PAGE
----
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Lesson 6: Consonant Clusters 3 (Exceptions)




The last lesson, despite a relatively straightforward one, was a very difficult one. While the examples seemed fairly easy, there might have been points which were overlooked. How would one know that “ba” was supposed to bond with “ja” in the same way a typical Devanagari letter would? How would one know when to put the second letter below the first letter? While “kka (k + ka)” has a form of two “ka” letters where was on the top and the other on top, why does “jja (j + ja)” produce a cluster with both “ja” letters side? Even more confusing is when a third letter is added to the jja mix, why does it resort to a form where the first “ja” is losing its “arm?” Unfortunately, there is no easy answer, but experience.


Experience will be built, but this chapter requires solid memorization. Unlike Devanagari where there were a few exceptions, this chapter will be filled with letters and mixes that do not follow the general trend.


The first letter is the mix between “ka” and “ṣa” to form “kṣa.” Figure 6.1 shows “kṣa” in a very unusual form. Be sure to know this letter very well, because there is a letter that looks very similar to the next letter in our discussion.


Figure 6.1


The letter that looks “kṣa” is the mix of “ha” and “ma” to form the letter “hma.” Notice the difference in the shape of kṣa and hma.

Figure 6.2


Double “ṭa” almost adheres to the same process of stacking the letters on top of each other. The only difference is that the second ṭa is not really a ṭa. Figure 6.2A shows this.

Figure 6.2A


The letter “ta” has many exceptions in its formation of clusters. Let alone clusters, even the virama form is quite irregular.

Figure 6.3


The letter “ta” mixes with “ra” to form “tra.” Special attention is needed for this letter. This is not like Devanagari where a great majority of the letters has “lines above them.” In Bengali, there are a good number of letters where the shape of the letter is the same, but the presence of the line above them makes all the difference in the word. Without the line above “tra”, the letter is changed to the vowel “e.”

Figure 6.4

When two “ta” letters combine, a new shape is formed. Again, pay attention to the line above the letter “tta.” Without the line, it is the vowel “o.”

Figure 6.5


The clusters discussed up to this point can use any vowel marking normally. However, when the vowel “u” is added to any cluster that has the second letter being “ta”, the “tu” takes shape of “tta Look at Figure 6.6 when the mix of st and nt with “u” to form “stu” and “ntu” respectively. These letters are not “stt” or “ntt

Figure 6.6


The last letter in our “ta” subsection is the mix between “ka” and “ta.” The form reminds us of “tta” with the right half of “ka.” This is very odd because “ka” is the first letter of the cluster, but it’s on the right. In addition, “tta” shape is used, even though it is just one “ta”, not two.

Figure 6.7


With the mix between “ka” and “ra”, the “kra” letter looks like “tra” with the right half of “ka.” Again, without the line, it might confuse a reader into reading “kra” and “ai.” (Technically, the right arm of “ai” is different from “kra.)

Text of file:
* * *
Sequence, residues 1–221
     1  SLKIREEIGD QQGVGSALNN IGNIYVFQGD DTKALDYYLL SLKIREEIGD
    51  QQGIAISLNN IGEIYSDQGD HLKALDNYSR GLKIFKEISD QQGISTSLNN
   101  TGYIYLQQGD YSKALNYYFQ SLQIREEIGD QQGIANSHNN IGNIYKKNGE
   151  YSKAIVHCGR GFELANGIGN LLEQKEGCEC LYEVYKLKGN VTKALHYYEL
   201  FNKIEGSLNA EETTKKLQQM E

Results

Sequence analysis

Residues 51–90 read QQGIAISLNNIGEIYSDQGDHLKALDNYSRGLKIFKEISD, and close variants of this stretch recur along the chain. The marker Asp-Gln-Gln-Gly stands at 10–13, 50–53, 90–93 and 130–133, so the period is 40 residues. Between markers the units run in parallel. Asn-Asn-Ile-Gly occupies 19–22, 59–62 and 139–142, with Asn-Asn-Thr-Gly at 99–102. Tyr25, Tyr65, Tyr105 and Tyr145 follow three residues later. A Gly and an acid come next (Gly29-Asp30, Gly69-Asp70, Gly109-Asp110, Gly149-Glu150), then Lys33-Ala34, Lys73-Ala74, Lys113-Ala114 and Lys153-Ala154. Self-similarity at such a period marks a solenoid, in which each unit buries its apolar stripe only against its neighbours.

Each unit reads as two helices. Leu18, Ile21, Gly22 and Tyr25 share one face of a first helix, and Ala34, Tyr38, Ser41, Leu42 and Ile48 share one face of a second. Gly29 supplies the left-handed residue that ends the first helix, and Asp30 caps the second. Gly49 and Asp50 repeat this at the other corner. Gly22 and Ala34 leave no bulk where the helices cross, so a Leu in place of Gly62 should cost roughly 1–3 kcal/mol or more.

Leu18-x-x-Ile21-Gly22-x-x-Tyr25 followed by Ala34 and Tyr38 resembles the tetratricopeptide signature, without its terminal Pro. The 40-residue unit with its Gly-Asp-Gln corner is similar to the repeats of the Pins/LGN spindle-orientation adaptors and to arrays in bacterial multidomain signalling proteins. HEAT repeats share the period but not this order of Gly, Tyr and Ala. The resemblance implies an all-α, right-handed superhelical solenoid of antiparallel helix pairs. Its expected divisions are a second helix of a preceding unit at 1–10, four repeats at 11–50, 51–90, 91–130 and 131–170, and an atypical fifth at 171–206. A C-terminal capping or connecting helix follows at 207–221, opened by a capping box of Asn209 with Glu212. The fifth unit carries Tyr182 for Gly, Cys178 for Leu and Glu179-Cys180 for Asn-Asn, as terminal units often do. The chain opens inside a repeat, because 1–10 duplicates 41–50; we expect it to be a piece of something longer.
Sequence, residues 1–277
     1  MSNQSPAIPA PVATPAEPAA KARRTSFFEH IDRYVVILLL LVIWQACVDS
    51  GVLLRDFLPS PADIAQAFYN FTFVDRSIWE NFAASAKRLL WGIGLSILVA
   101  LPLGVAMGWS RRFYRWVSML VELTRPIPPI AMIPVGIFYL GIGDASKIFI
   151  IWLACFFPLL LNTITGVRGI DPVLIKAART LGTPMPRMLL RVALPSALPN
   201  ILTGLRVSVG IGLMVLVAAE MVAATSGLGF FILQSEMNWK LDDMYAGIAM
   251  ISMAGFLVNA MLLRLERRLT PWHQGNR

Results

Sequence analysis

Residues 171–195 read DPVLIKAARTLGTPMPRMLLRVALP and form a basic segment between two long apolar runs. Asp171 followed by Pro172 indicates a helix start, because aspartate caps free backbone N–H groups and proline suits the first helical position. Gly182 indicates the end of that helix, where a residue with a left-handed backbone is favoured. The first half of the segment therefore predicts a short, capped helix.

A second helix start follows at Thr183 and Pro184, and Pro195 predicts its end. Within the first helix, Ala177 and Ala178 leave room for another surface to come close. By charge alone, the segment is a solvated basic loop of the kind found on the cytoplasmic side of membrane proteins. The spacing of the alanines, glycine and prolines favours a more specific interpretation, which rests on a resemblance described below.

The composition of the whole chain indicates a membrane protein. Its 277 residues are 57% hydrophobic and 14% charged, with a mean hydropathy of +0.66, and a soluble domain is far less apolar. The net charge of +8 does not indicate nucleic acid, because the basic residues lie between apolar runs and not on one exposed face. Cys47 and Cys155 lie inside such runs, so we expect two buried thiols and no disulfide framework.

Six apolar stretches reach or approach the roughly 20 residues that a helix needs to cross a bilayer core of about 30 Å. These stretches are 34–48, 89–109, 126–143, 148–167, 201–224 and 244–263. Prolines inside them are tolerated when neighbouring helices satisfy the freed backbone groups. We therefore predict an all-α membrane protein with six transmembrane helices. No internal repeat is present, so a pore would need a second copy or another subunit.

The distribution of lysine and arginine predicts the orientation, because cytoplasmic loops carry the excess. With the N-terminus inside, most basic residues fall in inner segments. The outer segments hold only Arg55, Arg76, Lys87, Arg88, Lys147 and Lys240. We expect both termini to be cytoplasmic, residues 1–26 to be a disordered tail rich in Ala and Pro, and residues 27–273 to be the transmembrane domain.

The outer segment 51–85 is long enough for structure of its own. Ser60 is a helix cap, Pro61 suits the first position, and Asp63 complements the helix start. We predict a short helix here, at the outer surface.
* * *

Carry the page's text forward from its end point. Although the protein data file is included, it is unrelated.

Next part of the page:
Figure 6.8



The last form of today’s discussion is the mix between the form of ρa. Why the word “form” will be highlighted soon. The first cluster is the mix between “ja” and “ρa” to form “jρa.” The form is shown by the left half of “ja”, with the right half of the letter “ρa

Figure 6.9


Lastly, the mix of ṣa and ṇa requires special attention. The first half of the letter ṣṇa is a full “ṣa” character, with the “ṇ” take a strange form. Actually, it is a very strange mutation to form the right half of ρa.

Figure 6.10


When I studied Bengali in 2000, the first website I encountered was’s Bengali reading tutorial. Through the help of that site, I develop the basis of being able to read Bengali. However, consonant clusters are indeed a challenge to master. After reading the Caitanya Caritamrta’s Bengali verses, I began to pick up the general forms of compounding consonants. A special table was made on that site. I modified it to be relevant to the last three chapters. Always note, there may be exceptions.


Figure 6.11

1: This form of k is used for kta and kra.

2: This form is used as a “ρa” symbol for the letter “jρa”. This form is used as a “ṇa” symbol for the letter “ṣṇa

3: This form is tu for a consonant cluster with a full ta. This is not tta.



Try spelling these words using Bengali Script:

1. kṛṣṇa (Lord Krsna)

2. kīrtana (chanting of the Lord’s name)

3. bhakti-yoga (devotional service) *use the “ja” form of ya.

4. yajρa (sacrifice)

5. lakṣmīpriyā (Lord Caitanya’s wife: Laksmipriya)

6. karuṇā sindhu (ocean of mercy)

7. brahma-saḿhita (Brahma Samhita)

8. kṣatriya (warrior-administrative class)

9. prahlāda (Prahalada Maharaja)

10. nāma-haṭṭa (The storehouse of the Lord’s name)


Try reading the words from Bengali script.

ANSWERS to Lesson 6

UPDATED: June 16, 2009